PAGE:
Once the 7.5cm PaK 42 L/70 anti-tank gun became available, the German Army sought new ways to implement this weapon into existing tank hulls for service as tank destroyers. The execution finally materialized in early-1944 when a Panzer IV Medium Tank was fitted with the gun and trials followed which proved the mating sound. Once demonstrated to the German high command, the vehicle was ordered into serial production through the concern of Vomag as the Panzer IV/70(V). It carried the Army identifier of SdKfz 162/1 (the "V" in the designation signifying the manufacturer).
By this time, the Jagdpanzer IV, another tank-killer built atop the chassis of the Panzer IV tank, was already in mass production with Vomag. As such, the company took to producing the two forms side-by-side with the existing line equipment. From August of 1944 until April of 1945 some 930 to 940 Panzer IV/70 vehicles emerged from the Vomag factory. The Allied bombing campaign did, however, disrupt Panzer IV/70 production to the point that numbers never recovered heading into April 1945 (the war in Europe ended in May 1945).
As finalized, the Panzer IV/70 was given a low profile thanks to its fixed superstructure housing the gun component and crew workspaces. The superstructure was fully enclosed to protect the crew from the elements as well as battlefield dangers (small arms fire, artillery spray). The operating crew numbered four and included the driver, commander and two gun operators. The radio fit was the Fu 5 system.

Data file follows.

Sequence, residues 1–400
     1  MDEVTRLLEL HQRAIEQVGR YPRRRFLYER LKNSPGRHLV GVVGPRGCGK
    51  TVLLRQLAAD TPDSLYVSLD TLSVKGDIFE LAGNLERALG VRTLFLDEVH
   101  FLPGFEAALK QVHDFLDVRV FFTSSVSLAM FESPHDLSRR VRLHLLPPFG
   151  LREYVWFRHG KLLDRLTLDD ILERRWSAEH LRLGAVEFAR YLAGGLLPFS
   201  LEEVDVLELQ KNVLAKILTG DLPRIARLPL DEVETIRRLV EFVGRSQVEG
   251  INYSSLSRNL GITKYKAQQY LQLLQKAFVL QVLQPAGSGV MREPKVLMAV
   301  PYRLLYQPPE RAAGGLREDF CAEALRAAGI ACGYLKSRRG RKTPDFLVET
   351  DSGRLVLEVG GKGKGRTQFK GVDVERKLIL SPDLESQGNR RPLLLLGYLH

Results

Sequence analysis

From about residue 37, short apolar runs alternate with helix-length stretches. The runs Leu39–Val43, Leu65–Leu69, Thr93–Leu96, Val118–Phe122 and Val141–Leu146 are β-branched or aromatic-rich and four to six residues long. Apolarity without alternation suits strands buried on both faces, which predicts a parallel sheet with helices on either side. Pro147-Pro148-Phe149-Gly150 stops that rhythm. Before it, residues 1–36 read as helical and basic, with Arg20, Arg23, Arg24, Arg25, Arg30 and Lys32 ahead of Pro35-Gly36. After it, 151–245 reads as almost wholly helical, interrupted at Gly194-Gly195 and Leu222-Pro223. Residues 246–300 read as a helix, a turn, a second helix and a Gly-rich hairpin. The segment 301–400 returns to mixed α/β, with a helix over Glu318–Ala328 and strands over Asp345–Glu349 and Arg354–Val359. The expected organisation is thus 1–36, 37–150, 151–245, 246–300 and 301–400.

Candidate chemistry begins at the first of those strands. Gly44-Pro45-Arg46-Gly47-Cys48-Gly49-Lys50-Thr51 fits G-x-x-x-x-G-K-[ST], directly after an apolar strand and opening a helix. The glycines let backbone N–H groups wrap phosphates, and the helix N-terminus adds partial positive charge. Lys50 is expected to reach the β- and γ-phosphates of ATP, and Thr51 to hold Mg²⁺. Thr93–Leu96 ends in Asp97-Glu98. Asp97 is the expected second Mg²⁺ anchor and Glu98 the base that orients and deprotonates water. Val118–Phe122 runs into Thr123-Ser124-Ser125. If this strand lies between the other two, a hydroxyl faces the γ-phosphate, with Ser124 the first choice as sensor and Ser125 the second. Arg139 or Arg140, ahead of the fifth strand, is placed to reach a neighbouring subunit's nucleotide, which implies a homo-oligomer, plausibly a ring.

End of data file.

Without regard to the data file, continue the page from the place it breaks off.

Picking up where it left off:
Power to the vehicle was provided for by a Maybach HL120 TRM V-12 liquid-cooled, gasoline-fueled engine developing 265 horsepower at 2,600 rpm. This gave the vehicle a road speed of 25 mph and a range out to 130 miles (80.5 miles cross-country). The engine was fitted to a rear compartment aft of the crew cabin.
Primary armament was the 7.5cm (75mm) PaK 42 L/70 gun and 79 projectiles were carried for it. Secondary armament became a single 7.92mm MG42 machine gun and 1,200 rounds of ammunition were available. Also available were any small arms carried by the crew as a last line of defense.
In the field, the Panzer IV/70 proved one of the best late-war tank-killers as its gun proved powerful, effective and could outrange any tank gun fielded by the Allies - a decided advantage in tank warfare. The value of the Panzer IV/70 series was such that, by November 1944, the series had superseded the Jagdpanzer IV along Vomag production lines. Some vehicles were given "Schuerzen", or side-skirt armor, to help protect the upper track reaches from damage. The sloped nature of the hull superstructure, coupled with its low profile, added an inherent survivability to the tank otherwise.
Later-production Panzer IV/70 vehicles reduced the track return rollers to three (down from four of the original). Because of the front-heavy load of the tank destroyer, these models were also given rubber-tired road wheels at the two front-most wheel installations. Additional roadwheels were carried along the rear hull facing should they be needed.
The Panzer IV/70 saw service into the final days of World War 2. Captured post-war stocks by the Soviets were passed on to ally Romania and these soldiered on into the 1950s.
Another offshoot of the Panzer IV/70 line was the Panzer IV/70(A). Like the Vomag vehicles, these carried the PaK 42 L/70 gun but production was managed by Alkett (which also manufactured the StuG III assault gun series). The Alkett model was intended as an interim solution and differed in subtle ways such as a taller profile. About 278 of the vehicles were produced by Alkett from August of 1944 into March of 1945.